[Page 177]

An ODE. Inscribed to the Memory of the Honble Col. George Villiers, Drowned in the River Piava, in the Country of Friuli. 1703.

In Imitation of Horace, Ode 28. Lib. 1.

Te Maris & Terræ numeroque carentis arenæ Mensorem cohibent, Archyta, &c.
1 Say, dearest Villiers, poor departed Friend
2 (Since fleeting Life thus suddenly must end)
3 Say, what did all thy busie Hopes avail,
4 That anxious Thou from Pole to Pole didst sail;
5 E'er on thy Chin the springing Beard began
6 To spread a doubtful Down, and promise Man?
7 What profited thy Thoughts, and Toils, and Cares,
8 In Vigour more confirm'd, and riper Years?
9 To wake e'er Morning-dawn to loud Alarms,
10 And march 'till close of Night in heavy Arms?
11 To scorn the Summer Suns and Winter Snows,
12 And search thro' ev'ry Clime thy Country's Foes?
13 That Thou might'st Fortune to thy Side ingage;
14 That gentle Peace might quell Bellona's Rage;
15 And Anna's Bounty crown Her Soldier's hoary Age?
[Page 178]
16 In vain We think, that free-will'd Man has Pow'r
17 To hasten or protract th' appointed Hour.
18 Our Term of Life depends not on our Deed:
19 Before our Birth our Funeral was decreed.
20 Nor aw'd by Foresight, nor mis-led by Chance,
21 Imperious Death directs His Ebon Lance;
22 Peoples great Henry's Tombs, and leads up Holben's Dance.
23 Alike must ev'ry State, and ev'ry Age
24 Sustain the universal Tyrant's Rage:
25 For neither William's Pow'r, nor Mary's Charms
26 Could or repel, or pacifie his Arms:
27 Young Churchill fell, as Life began to bloom:
28 And Bradford's trembling Age expects the Tomb.
29 Wisdom and Eloquence in vain would plead
30 One Moment's Respite for the learned Head:
31 Judges of Writings and of Men have dy'd;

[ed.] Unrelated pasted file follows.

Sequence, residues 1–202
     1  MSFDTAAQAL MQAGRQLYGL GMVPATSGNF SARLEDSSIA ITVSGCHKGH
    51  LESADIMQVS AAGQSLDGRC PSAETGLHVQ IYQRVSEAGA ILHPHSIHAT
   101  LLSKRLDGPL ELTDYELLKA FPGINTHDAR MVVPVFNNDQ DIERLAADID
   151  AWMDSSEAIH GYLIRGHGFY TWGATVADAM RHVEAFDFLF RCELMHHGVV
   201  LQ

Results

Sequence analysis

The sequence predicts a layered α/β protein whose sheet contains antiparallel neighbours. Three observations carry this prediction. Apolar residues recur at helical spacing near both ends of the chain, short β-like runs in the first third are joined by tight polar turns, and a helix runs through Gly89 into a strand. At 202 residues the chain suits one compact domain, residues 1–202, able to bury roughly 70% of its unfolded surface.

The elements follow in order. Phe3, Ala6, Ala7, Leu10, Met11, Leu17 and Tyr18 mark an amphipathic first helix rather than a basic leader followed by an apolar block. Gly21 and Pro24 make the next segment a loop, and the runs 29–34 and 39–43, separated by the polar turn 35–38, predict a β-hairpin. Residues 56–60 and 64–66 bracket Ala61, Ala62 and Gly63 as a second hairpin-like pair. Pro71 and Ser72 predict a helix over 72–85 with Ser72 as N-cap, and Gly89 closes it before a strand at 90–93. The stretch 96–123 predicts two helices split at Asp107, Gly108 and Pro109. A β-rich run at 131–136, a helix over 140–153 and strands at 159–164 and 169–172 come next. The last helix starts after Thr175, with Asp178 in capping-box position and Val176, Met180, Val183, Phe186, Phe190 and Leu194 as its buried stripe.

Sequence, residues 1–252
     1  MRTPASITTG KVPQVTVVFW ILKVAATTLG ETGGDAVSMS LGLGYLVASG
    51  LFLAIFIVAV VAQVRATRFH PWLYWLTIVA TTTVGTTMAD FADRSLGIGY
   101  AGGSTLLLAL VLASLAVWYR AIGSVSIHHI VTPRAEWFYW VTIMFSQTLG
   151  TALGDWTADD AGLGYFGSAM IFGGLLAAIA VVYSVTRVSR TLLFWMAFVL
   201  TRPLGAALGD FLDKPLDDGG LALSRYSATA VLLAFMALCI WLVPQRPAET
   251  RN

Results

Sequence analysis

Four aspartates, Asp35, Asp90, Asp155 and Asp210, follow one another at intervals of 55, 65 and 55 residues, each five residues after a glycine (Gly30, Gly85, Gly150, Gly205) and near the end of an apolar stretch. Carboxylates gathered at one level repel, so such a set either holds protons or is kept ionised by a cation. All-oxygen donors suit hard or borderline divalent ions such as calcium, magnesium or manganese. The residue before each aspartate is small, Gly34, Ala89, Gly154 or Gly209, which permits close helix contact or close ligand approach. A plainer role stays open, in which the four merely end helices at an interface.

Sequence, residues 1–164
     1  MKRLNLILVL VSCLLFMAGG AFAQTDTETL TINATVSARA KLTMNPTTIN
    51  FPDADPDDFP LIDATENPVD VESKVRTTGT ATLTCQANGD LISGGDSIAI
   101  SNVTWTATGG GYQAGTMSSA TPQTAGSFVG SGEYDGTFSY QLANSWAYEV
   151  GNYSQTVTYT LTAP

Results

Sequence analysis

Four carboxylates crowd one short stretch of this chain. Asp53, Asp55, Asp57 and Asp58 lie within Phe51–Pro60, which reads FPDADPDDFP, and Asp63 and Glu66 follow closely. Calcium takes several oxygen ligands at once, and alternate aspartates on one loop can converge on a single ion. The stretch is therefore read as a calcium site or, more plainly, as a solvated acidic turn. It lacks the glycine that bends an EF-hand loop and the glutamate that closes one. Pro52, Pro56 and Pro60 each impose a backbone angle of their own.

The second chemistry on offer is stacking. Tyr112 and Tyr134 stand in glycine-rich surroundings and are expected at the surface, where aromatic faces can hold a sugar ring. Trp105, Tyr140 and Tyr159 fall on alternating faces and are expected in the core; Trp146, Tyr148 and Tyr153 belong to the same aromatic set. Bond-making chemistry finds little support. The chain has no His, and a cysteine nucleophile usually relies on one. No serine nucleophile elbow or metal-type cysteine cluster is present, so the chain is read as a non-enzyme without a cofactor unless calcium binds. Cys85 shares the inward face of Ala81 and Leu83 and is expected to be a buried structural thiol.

32 Mecænas, Sackville, Socrates, and Hyde:
33 And in their various Turns the Sons must tread
34 Those gloomy Journeys, which their Sires have led.
35 The ancient Sage, who did so long maintain,
36 That Bodies die, but Souls return again,
37 With all the Births and Deaths He had in Store,
38 Went out Pythagoras, and came no more.
39 And modern A—l, whose capricious Thought
40 Is yet with Stores of wilder Notion fraught,
41 Too soon convinc'd, shall yield that fleeting Breath,
42 Which play'd so idly with the Darts of Death.
[Page 179]
43 Some from the stranded Vessel force their Way:
44 Fearful of Fate, they meet it in the Sea:
45 Some who escape the Fury of the Wave,
46 Sicken on Earth, and sink into a Grave:
47 In Journeys or at home, in War or Peace,
48 By Hardships Many, Many fall by Ease.
49 Each changing Season does it's Poison bring:
50 Rheums chill the Winter; Agues blast the Spring:
51 Wet, Dry, Cold, Hot, at the appointed Hour,
52 All act subservient to the Tyrant's Pow'r:
53 And when obedient Nature knows His Will,
54 A Fly, a Grape-stone, or a Hair can kill.
55 For restless Proserpine for ever treads
56 In Paths unseen, o'er our devoted Heads;
57 And on the spacious Land, and liquid Main
58 Spreads slow Disease, or darts afflictive Pain: